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close this book Boiling Point No. 03 - October 1982
View the document News from Shinfield
View the document New Nepali Chulo Extension in North India
View the document Mechanical Testing of Stove Ceramics
View the document Sexual Division of Labour in the Pottery Industry
View the document Biobriquets and Hybrid Stoves
View the document Sawdust Burning Cooker
View the document Village Studies in Sri Lanka
View the document Peace Corps Work in Upper Volta
View the document The Portable Magan Chula - a closer look

The Portable Magan Chula - a closer look


The Magan Chula Stove was originated by the All India Village Industrial Association, Maganwadi, Wardha, India, and subsequently improved (in 1955) at the Gandhiniketan Ashram near Madurai, who developed the portable model which we have recently built and tested at Shinfield.

The stove is well established locally and current production is estimated at 100-200 per month by the Ashram potter. We do not know whether the stove is being produced elsewhere. There seems a good chance of it having caught on in the 30 years or so of production. Approximate costs are:

Rs 7.50 18cm diameter stove

Rs 1.00 30cm chimney

Rs 2.50 Chimney cap

It is a ceramic stove which is built, in component sections, by skilled potters and put together in the kitchen then covered with earth. The e earth acts as an insulator and fills any gaps between the pottery sections. This means that the inside of the stove stays hot and the outside stays cooler. As built in India, the stove has pottery or asbestos chimney sections. We used a 7.5cm diameter asbestos chimney, 2 metres high. The stove was briefly described in the ITDG Compendium of Tested Stove resigns (1980). The Percentage Heat Utilised (PHU) was quoted as being 12X for this stove, however, the original ITDG-built model of the stove was copied from inadequate drawings and more recent work has indicated that when built correctly it is capable of up to 22% PHU.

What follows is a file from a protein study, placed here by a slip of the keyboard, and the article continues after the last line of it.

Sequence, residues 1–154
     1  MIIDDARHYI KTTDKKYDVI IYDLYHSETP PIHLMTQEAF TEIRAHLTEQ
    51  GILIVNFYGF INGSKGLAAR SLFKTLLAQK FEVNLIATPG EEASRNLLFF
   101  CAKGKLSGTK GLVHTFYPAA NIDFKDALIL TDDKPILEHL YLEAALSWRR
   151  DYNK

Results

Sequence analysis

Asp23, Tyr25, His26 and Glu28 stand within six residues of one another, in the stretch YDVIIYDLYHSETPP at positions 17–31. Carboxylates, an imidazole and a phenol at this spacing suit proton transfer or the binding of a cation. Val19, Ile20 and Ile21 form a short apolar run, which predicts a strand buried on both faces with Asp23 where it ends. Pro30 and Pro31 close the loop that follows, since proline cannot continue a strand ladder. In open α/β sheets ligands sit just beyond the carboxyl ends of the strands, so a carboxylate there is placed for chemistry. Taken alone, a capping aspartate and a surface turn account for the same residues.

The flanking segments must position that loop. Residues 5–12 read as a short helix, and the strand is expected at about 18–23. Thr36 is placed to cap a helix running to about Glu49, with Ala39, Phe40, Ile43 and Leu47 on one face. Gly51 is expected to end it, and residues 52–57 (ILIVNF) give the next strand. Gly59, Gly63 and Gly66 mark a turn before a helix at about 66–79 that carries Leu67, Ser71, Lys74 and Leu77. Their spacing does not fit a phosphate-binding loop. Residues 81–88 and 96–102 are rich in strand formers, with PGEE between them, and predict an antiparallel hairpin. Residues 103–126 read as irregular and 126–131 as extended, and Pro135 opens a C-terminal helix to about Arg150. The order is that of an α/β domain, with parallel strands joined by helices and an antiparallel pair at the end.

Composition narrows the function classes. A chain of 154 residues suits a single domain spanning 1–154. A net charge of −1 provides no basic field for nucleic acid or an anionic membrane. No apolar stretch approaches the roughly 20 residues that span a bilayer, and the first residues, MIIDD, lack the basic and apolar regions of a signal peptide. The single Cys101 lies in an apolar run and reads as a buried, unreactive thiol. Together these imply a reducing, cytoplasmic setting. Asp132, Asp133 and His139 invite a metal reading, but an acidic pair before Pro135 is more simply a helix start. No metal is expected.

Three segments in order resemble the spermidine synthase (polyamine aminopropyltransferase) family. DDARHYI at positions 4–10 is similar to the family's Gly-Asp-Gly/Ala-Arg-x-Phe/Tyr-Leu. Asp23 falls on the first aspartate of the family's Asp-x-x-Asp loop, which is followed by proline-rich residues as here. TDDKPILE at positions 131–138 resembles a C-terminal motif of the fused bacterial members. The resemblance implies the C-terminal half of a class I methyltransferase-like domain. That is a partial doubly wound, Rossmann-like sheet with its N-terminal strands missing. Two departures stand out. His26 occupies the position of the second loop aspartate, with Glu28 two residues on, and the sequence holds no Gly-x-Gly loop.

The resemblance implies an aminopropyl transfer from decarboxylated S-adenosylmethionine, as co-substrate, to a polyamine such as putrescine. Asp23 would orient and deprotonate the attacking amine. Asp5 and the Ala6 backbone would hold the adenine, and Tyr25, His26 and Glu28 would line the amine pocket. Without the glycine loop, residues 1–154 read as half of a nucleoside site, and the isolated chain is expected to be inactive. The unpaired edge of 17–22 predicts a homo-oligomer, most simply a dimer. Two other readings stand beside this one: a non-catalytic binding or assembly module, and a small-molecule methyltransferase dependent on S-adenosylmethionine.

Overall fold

The results of the Shinfield tests are as follows. Initial PHU2 values of 17% were obtained in Standard tests but wet wood (40% dry weight basis) and large wood (6cm x 3cm c-s) tests showed efficiencies were improved to 20-22%. Accordingly the stove was improved for the standard conditions by decreasing the undergrate air flow and raising the baffle under the back pot. After these changes, PHU2 was increased to 20% for standard tests.

The alterations to the baffle and air duct changed the PHU without affecting the power output of the stove, presumably by slowing down the draught and releasing more heat to the pots. Observations through heat-resistant glass dishes confirmed that the flame pattern was improved.

A look at the graph of Power v PHU2 shows that the unoptimised stove tended to work less efficiently at high power. It also emphasised the flat response to power of PHU with this stove. This indicated a good stove for the user who may have to burn various fuels.


Although no cooking tests were carried out, the stove was very serviceable and easy to use during the water boiling tests. Most of the smoke was removed by the chimney. It burned Iroko (a dense wood and normally quite difficult) very well, wet wood quite reasonably, and gave very good average PHU2. Based on these findings it is a stove well worth consideration.

Jon Loose

(Summary of a forthcoming Technical Paper)

Newsletter of the Intermediate Technology Development Group Stoves Project at the Applied Research Section, Shinfield Road, Reading, Berks, RG2 9BE, UK


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